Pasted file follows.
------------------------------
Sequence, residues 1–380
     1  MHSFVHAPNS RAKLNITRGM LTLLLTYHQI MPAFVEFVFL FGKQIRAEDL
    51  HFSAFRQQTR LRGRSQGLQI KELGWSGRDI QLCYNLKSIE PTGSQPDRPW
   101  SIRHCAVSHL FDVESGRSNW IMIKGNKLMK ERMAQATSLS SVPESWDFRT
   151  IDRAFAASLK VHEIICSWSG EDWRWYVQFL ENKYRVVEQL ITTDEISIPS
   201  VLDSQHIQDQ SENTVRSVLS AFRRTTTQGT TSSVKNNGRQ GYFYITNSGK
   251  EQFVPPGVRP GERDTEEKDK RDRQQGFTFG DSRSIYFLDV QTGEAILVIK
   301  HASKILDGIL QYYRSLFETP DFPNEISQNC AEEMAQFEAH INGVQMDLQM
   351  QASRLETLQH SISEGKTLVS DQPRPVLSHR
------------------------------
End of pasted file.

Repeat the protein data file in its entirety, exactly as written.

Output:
Sequence, residues 1–380
     1  MHSFVHAPNS RAKLNITRGM LTLLLTYHQI MPAFVEFVFL FGKQIRAEDL
    51  HFSAFRQQTR LRGRSQGLQI KELGWSGRDI QLCYNLKSIE PTGSQPDRPW
   101  SIRHCAVSHL FDVESGRSNW IMIKGNKLMK ERMAQATSLS SVPESWDFRT
   151  IDRAFAASLK VHEIICSWSG EDWRWYVQFL ENKYRVVEQL ITTDEISIPS
   201  VLDSQHIQDQ SENTVRSVLS AFRRTTTQGT TSSVKNNGRQ GYFYITNSGK
   251  EQFVPPGVRP GERDTEEKDK RDRQQGFTFG DSRSIYFLDV QTGEAILVIK
   301  HASKILDGIL QYYRSLFETP DFPNEISQNC AEEMAQFEAH INGVQMDLQM
   351  QASRLETLQH SISEGKTLVS DQPRPVLSHR